How do I know that Zookoda is a legitimate service when I sign up and not a hoax just to get addresses? Social media needs to be responsible and perform all the same precautions that online stores (that really need private information) do. 

On the other hand, you need to be aware of what you are signing up for. Your privacy is automatically lowered when you join the Internet, social media realm, but if you are careful, it won’t be an issue. Be responsible and selective. 

Don’t get me wrong, I think social media services are fantastic resources and tools – just don’t ask for my address if it’s not necessary.  

*Web 2.0 graphic courtesy of Flickr: Montara Mike©.  It was taken under the Creative Commons  license.

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Looking the part

February 3, 2008 at 1:41 pm (Uncategorized) (, , , , , , , )

Professional dress code

Everyone says that a first impression goes a long way. It’s true, and part of it is looking the part. Penelope Trunk gives some great tips in her Brazen Careerist blog. Whether it is an interview or your first few months at a new job, what you wear is a huge part of how people view you.

 Although I’ve only had a few internships, couple jobs and probably double the interviews, here are a few tips of things I’ve found to go by:     


  • Always dress formally, conservatively and professionally. You don’t usually know the dress code of the company. If you are dressed accordingly, chances are the interviewers know you are serious about getting a job there.
  • Make sure everything is ironed. A wrinkled shirt can show the interviewer that you are not detail-oriented. I’ve found that “detail-oriented” is a great characteristic to have, and if you say you are, then you must show that you are.
  • Trunk advises to find a good tailor. This is another example of showing how detail-oriented you are. Plus, it decreases the number of distractions the interviewers may notice. You don’t want them to watch your slacks drag on the floor.

 First few months at a new job:

  • Get to know the dress code, and follow it. A good way to show the company that you know what you are doing there is following all of its guidelines. It leaves one less thing for your managers to worry about for a new employee.
  • Limit the amount of flashy jewelry. Some of these things can sparkle under light and become a distraction. Remember – you want them to look at your capabilities, not your accessories. Trunk gave some good tips for girls that work for both looking older and decreasing distractions.

Whether or not you feel qualified for a position, looking the part is important to gaining the respect of your colleagues and interviewers.    

** Photo collage courtesy of Flickr user: waldrup_2000 

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PR as a Community

February 1, 2008 at 4:56 am (Uncategorized) (, , , , , )

web 2.0I’m not going to lie. Writing this post is pretty scary for me. I’m actually getting into the PR blogosphere with bloggers that have been in the industry, that is PR, for years. So, I’m going to tell you where I stand here – I’m new and learning.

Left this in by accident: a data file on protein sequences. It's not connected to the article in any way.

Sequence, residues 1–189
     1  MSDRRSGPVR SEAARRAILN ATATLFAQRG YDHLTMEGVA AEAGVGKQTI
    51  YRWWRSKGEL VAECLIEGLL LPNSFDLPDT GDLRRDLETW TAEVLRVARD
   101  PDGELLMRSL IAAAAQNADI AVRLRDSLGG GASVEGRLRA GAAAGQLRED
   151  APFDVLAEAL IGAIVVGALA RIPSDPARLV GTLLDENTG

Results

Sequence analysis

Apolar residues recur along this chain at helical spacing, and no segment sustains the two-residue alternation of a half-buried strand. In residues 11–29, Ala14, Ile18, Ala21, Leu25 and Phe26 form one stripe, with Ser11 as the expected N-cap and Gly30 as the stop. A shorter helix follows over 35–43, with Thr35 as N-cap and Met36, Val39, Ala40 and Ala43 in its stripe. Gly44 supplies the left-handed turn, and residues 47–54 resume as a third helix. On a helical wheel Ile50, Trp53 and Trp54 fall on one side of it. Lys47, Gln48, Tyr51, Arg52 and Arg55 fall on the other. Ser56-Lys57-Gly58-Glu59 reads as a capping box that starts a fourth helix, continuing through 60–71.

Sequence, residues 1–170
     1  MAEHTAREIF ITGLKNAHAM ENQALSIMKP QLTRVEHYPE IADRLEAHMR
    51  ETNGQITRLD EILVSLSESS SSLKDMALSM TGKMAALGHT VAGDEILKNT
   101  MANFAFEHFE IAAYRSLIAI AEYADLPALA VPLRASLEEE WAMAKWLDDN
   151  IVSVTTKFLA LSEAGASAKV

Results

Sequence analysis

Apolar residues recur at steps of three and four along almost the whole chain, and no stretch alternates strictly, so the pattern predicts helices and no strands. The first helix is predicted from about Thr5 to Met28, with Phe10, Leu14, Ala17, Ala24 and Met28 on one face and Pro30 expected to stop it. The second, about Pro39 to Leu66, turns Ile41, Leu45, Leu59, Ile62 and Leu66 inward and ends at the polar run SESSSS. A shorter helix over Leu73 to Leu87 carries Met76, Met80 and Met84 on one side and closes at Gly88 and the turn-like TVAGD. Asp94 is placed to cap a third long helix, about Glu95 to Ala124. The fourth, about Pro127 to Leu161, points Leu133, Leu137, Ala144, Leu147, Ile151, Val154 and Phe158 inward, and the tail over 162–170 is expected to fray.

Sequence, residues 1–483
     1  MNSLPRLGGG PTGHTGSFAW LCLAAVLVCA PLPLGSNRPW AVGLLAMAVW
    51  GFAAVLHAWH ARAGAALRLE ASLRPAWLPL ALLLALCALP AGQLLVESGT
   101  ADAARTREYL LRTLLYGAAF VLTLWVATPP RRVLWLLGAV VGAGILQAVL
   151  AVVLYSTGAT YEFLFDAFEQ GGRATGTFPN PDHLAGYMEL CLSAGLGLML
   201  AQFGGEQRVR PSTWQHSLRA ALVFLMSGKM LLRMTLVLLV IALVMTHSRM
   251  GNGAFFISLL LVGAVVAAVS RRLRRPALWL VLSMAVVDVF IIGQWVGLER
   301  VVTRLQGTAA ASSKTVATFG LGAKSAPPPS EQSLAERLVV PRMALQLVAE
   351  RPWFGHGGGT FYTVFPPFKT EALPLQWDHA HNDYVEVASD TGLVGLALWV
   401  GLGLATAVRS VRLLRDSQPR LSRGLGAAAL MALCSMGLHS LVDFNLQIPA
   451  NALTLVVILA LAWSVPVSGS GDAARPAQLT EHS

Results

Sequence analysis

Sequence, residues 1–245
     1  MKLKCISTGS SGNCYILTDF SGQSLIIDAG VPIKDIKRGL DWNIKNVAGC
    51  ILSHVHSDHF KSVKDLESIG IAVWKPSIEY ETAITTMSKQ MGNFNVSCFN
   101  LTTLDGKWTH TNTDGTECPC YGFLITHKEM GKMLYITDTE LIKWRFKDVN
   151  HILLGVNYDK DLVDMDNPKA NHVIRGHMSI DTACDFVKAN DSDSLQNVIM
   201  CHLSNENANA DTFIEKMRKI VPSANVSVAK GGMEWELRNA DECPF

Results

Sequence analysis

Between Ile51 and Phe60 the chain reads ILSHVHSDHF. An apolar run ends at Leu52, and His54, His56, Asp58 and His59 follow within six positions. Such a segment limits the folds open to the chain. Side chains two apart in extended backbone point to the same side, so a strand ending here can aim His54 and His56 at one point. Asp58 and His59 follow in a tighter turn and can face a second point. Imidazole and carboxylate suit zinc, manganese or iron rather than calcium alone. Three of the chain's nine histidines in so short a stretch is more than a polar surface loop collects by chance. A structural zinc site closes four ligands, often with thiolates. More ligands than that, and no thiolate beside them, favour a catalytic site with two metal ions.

As I was looking around at all the different blogs suggested by AdAge Power 150, I noticed something. Everyone knows everyone else. Many of the blogrolls contain the same links, and posts talk about other bloggers’ thoughts and comments. Then, I came across Joseph Thornley’s Pro PR blog. His Advice to the class of ’08 post caught my attention.

Thornley said, “The old PR was about communicating messages to an audience. The new PR is about being part of a community.” 

Entering the social media world means involving yourself in a community. It’s not just about networking anymore, but more about maintaining a steady stream of conversation with those in the PR industry. It keeps you connected and helps others get to know you more as a PR practitioner and conversationalist, opposed to the business-card-sitting-in-the-Rolodex PR contact.

The community concept can and should be applied to clients. Getting involved into a client’s community is probably a better and more credible way of influencing its target audience’s behaviors.

So, it’s good that I’m starting now. I can build my relationships and immerse myself into the PR community.


Jeremy Pepper also has an in-depth post about community at POP! PR Jots.


*Web 2.0 graphic courtesy of Stabilo Boss at Flickr.  It was taken under the Creative Commons  license.

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January 29, 2008 at 5:51 am (Uncategorized)

Eileen Chang

Welcome to my new blog. My name is Eileen Chang, and I am a senior at the University of Oregon’s School of Journalism & Communication, concentrating in public relations. This blog is an opportunity to create conversation and to display my portfolio. The main topics within this blog include all the realms of public relations, as well as other fields of communication. Aside from conversing about public relations, I am also interested in fashion, technology, medicine and sports. 
I currently am a member of Allen Hall Public Relations and Public Relations Student Society of America. These organizations help me stay involved in the practice and network with other public relations individuals. I also currently work for the Oregon Football Department as a Teamwork Intern. I have previously worked at Nike as an IT Communications Intern and Kosmos Central as a Web Marketing Assistant. Blogging will increase my involvement and enhance my knowledge and participation.  
As I continue to develop this blog, please look for a resume and samples of work. Feel free to explore, chat and get involved in the conversation.